a building or structure used for storing raw materials and other materials, equipment, manufactured products, and the like.
Storage facilities are subdivided into the following categories: base, production, production-commercial, commercial, transit, distribution, general-purpose, and specialized facilities. Distribution storage facilities ensure the efficient transfer of goods from production and intermediate locations to final destinations, as well as efficient control of storage and distribution of material resources. General-purpose facilities are used for various materials and goods that can be stored together under identical conditions. Specialized warehouses are used to store goods of a special nature, such as liquid, loose, or explosive substances.
Storage facilities are set up to coincide with the principal flow of goods from producer to user. They may be built as individual facilities or as complexes with other facilities. The locations of storage facilities are chosen on the basis of the properties of the goods to be stored and the possibility of expanding the storage area. Preparatory and some production operations are often performed at storage facilities, for instance, the batching and prepackaging of items.
Piece and bulk goods are principally stored on racks or in stacks. Racks may be movable either by hand or a mechanical drive, or they may be stationary tunnel-type or multitiered racks. The handling equipment used in storage facilities includes mechanized and manual transport vehicles that move on rail tracks or across the open floor and that can handle goods in batches; hoisting cranes and mechanisms that provide a continuous transport of goods are also used. The most commonly used machines for handling materials are transport conveyors and floor vehicles, such as electric and automatic loaders and remote or program-controlled stackers for stacking and palletizing goods. In large facilities, the identification of goods, choice of storage location, and control of mechanisms are computerized.
Storage facilities may be open, semienclosed, or enclosed. Facilities built on open areas are used for storing containers and heavy loads. Semienclosed (canopy-type) facilities may be single-span or multispan structures. Enclosed storage facilities —warehouses—may be single-story or multistory buildings with heating or without it. They may be built above ground, underground, or partially underground. The planning and structural design of storage facilities are governed by general design principles for industrial buildings. The most widely used type of warehouse is single story and may use multitiered rack facilities. This type of structure offers a number of advantages in comparison with a multistory building if the turnover of goods is high and the inventory is quite varied. Such advantages include the possibilities of integrating use of the warehouse more effectively into the production flow, using the available storage area more efficiently, and reducing operating expenses.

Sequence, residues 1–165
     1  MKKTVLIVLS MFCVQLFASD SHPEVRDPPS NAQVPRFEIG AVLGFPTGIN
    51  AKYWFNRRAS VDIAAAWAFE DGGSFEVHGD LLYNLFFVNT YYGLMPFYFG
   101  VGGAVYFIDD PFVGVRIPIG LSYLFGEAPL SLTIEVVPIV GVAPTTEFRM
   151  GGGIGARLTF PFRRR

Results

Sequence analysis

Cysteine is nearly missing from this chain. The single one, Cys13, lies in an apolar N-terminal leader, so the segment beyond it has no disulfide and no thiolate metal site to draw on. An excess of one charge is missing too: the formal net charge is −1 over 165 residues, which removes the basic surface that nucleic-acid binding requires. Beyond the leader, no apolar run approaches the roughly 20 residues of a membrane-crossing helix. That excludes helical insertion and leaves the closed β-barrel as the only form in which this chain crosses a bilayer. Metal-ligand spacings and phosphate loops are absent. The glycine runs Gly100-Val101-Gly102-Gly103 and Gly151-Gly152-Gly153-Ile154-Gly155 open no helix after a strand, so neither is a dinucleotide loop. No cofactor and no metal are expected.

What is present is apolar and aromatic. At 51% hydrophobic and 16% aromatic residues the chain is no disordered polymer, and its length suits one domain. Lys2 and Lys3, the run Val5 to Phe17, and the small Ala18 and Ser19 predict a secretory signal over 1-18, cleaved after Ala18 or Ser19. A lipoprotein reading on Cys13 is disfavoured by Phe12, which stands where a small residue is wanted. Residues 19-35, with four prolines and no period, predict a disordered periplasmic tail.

Metal or reinforced-concrete tanks built above ground, underground, or partially underground are used to store such liquids as petroleum products. Storage facilities for loose materials that are unaffected by atmospheric conditions are usually built as open facilities and are equipped with bridge cranes, gantry cranes, or jib cranes. Loose materials that may be adversely affected by atmospheric moisture, such as ores and chemical fertilizers, are stored in warehouses equipped with conveyors or under canopies equipped with bridge cranes or jib cranes. Silos equipped with vertical and horizontal conveyors are used to store grain products, cement, and other valuable loose materials.
Current trends in the design and construction of storage facilities include increasing the height of the storage space, spacing support columns more widely apart, using lightweight load-bearing and enclosing structures, such as roofing made of corrugated aluminum-alloy sheets and wall panels made of shaped sheet steel, and incorporating the rack structures in the roof design and in the fastening of the enclosing walls. The use of inflatable structures, underground structures, and facilities located in mining excavations can be very effective ways of reducing capital investment.
REFERENCESSmekhov, A. A. A vtomatizatsiia na skladakh, 2nd ed. Moscow, 1971.
Perten, lu. A. Mekhanizatsiia i avtomatizatsiia skladov shtuchnykh gruzov. Leningrad, 1972.
A. IA. GIMMEL’FARB [23–1515–]